Google, Apple and Amazon under fire in OECD war on tax evasion

CREDIT[Paul Falardeau/Flickr]

Governments need billions, if not trillions, of euros to tackle the impact of the coronavirus crisis. Many poor countries lack that money, and they need support in collecting more tax, and do so fairly, write Chiara Putaturo and Lis Cunha.

The OECD wants to force businesses to declare their turnover and number of employees in each country where they are active. Among the multinationals targeted are digital giants Google, Apple and Amazon.

The Organisation for Economic Co-operation and Development (OECD) has announced an international action plan called “Project BEPS”, to target multinational businesses.

The objective of this plan, approved by the G20 in July 2013, is to fight against tax base erosion and profit sharing (BEPS). The OECD has presented seven initial measures.

“[On Tuesday] we presented the measures agreed upon by the 44 countries involved in this project, namely all the members of the OECD as well as the G20 countries that are not OECD members (China, India, Brazil, South Africa…),” the director of the OECD Centre for Tax Policy and Administration, Pascal Saint-Amans, said.

Large multinational groups have come under the spotlight for legal arrangements aimed at minimising their tax bills. “This is flagrantly unfair and simply does not work, so we are proposing to solve these international taxation problems, to change the rules to make this kind of aggressive tax planning impossible,” Saint-Amans added.

Closing the loopholes

Pascal Saint-Amans said that the action plan targets the “loopholes in international taxation systems”, legal taxation instruments that are bypassed by large multinationals with the aim of paying little or no tax.

“We will oblige businesses to declare their sales, profits and employees in all the countries where they operate. This will enable us to see if there are discrepancies. If all the profits are in Bermuda, the staff in France and the assets in the United States, we can see that there is a problem. This will allow businesses to regulate themselves better than they do at present,” Pascal Saint-Amans said.

>> Read: EU finance ministers to close parent-subsidiary tax loophole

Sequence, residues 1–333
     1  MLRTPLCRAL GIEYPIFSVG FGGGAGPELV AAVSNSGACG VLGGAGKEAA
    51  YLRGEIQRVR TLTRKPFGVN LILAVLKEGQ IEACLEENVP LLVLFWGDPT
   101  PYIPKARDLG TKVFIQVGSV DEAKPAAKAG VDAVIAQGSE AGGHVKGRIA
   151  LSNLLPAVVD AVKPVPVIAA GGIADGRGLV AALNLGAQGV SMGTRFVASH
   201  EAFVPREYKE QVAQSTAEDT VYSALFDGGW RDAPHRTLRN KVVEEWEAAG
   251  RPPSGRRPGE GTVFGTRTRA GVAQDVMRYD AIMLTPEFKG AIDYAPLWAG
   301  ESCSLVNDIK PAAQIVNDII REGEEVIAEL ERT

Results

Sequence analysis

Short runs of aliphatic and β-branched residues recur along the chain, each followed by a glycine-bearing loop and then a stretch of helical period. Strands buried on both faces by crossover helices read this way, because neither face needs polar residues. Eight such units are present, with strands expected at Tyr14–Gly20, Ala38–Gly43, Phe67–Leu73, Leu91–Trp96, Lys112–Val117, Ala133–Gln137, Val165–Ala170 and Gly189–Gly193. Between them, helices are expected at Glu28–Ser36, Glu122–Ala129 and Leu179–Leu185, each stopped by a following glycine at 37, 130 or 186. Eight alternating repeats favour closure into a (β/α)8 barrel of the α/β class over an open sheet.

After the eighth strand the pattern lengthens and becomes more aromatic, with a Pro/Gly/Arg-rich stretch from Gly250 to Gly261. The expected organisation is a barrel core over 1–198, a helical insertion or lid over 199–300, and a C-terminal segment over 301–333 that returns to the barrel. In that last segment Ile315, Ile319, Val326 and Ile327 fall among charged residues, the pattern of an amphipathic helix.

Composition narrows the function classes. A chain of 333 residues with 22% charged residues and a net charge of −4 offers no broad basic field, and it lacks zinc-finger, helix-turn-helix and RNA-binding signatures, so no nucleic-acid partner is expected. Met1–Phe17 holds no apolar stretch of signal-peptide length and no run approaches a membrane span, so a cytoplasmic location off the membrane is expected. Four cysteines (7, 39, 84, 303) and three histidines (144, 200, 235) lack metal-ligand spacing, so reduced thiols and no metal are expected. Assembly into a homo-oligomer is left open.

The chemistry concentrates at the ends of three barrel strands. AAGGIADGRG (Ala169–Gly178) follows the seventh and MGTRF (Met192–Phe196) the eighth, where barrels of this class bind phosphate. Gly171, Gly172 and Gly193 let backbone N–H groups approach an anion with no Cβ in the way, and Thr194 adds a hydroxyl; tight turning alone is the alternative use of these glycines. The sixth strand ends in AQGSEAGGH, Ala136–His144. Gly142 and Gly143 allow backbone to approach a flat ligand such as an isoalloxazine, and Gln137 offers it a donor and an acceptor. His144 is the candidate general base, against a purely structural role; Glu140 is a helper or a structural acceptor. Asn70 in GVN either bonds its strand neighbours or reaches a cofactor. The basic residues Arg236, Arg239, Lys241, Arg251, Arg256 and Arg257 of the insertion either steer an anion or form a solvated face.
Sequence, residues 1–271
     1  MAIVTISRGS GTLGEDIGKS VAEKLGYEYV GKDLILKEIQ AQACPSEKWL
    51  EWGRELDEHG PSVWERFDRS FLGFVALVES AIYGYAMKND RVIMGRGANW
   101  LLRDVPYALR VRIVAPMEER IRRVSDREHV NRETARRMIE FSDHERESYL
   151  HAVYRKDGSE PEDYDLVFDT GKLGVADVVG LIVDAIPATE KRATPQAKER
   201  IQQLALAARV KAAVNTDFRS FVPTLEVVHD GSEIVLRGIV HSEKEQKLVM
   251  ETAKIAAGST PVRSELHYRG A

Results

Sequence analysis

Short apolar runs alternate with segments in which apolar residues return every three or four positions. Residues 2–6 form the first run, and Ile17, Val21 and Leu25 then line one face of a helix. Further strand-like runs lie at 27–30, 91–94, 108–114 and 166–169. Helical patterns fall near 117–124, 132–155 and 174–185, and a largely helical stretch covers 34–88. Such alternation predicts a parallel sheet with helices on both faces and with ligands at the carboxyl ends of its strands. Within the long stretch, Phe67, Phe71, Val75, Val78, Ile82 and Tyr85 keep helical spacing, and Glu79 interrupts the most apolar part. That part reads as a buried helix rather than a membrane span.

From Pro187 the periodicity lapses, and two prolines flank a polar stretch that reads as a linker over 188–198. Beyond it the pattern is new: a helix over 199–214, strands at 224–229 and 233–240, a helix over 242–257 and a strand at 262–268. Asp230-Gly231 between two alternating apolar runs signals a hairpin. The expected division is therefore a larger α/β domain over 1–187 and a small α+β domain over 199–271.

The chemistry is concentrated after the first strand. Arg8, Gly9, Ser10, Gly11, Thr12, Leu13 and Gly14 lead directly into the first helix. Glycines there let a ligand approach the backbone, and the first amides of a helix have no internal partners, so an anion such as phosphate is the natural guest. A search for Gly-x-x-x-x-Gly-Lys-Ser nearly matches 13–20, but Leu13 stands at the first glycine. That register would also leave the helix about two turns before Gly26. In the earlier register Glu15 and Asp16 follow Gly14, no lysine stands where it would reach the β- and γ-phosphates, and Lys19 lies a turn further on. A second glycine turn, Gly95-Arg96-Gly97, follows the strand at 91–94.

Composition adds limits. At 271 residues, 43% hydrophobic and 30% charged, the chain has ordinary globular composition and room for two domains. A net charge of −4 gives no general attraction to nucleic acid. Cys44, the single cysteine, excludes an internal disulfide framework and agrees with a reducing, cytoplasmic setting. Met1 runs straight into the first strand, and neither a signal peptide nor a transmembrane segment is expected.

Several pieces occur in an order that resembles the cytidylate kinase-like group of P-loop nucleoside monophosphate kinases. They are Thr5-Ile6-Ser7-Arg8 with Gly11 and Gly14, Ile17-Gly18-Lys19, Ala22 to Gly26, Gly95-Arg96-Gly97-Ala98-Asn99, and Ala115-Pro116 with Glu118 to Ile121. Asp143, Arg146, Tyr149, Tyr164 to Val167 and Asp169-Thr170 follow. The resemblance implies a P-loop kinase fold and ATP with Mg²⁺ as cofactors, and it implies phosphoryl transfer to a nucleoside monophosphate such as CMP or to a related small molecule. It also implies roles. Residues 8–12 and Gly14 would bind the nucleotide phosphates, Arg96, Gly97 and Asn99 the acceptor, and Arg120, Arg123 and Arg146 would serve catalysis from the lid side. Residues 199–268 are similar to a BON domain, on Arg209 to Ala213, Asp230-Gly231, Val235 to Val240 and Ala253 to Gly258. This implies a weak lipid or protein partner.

The director also explained that the measures will also affect the interpretation of transfer prices. These recommendations on the taxation of profits, the consideration of the taxation procedure of the country of activity, and the improvement of transparency, have also been approved by the G20 members.

The countries agreed to adopt a “country-by-country” model of tax declaration for companies, who will indicate turnover, profit, personnel and tax paid in each country.

To the disappointment of several NGOs, these declarations will be sent to the tax authorities without being made public. “This omission may limit the efficiency of the BEPS in the fight against tax evasion,” Friederike Röder, the director of ONE France, said in a statement.

>> Read: Tax evasion fight may help finance education in the Global South

Changing the law

The OECD recommendations should facilitate a renegotiation of treaties in order to exclude international transactions from the provisions of tax treaties when their objective is the avoidance of tax. The organisation believes this would prevent “double non-taxation”.

The OECD also hopes to close loopholes for intra-group trade that allow a company based in a tax haven to carry out part, or all, of the commercial activity on behalf of the whole group.

“Businesses now know the rules of the game that everyone has agreed on. As such they can take pre-emptive action and start dismantling their most aggressive schemes,” Pascal Saint-Amans said.

The states concerned have also decided to combat the practice of “tax shopping” to stop companies systematically looking for the most advantageous place to move their profits or establish their headquarters. This is how the Netherlands became the gateway to Europe for some unscrupulous companies.

A new wave of eight measures is due to come into force by the end of 2015. In turn, the individual countries will have to translate the OECD action plan, which covers 15 key areas, into laws on a national level.

Google, Apple and Amazon in the crosshairs

Digital companies have been the most aggressive in terms of tax planning. Although a report has been commissioned to identify the scale of the challenge posed by the digital economy, the OECD countries have agreed that an internet-specific tax would be counterproductive.

However, the OECD does recognise that there has been a particularly severe erosion of tax bases in the digital economy, with the result that all measures developed by the OECD will be aimed at improving their response to the digital challenge.

The finger is firmly pointed at the big players in the digital market, like Google, Apple and Amazon. “A working group will continue to monitor developments in this sector in order to ensure that we have the means to respond swiftly if things go off course or if the situation changes,” Saint-Amans said.

The European Union and the OECD are pushing for a unified, global response to the issue of tax havens.

In the absence of an efficient, organised international response to the issue, more and more states are adopting bilateral conventions in the fight against tax havens.

The United States have offered their support, signing a law known as FACTA with Switzerland, which enables the automatic exchange of American citizens' bank details.

  • 20-21 Sept.: meeting of the finance minister of the G20 countries in Cairns (Australia).

Organisation for Economic Cooperation and Development (OECD)


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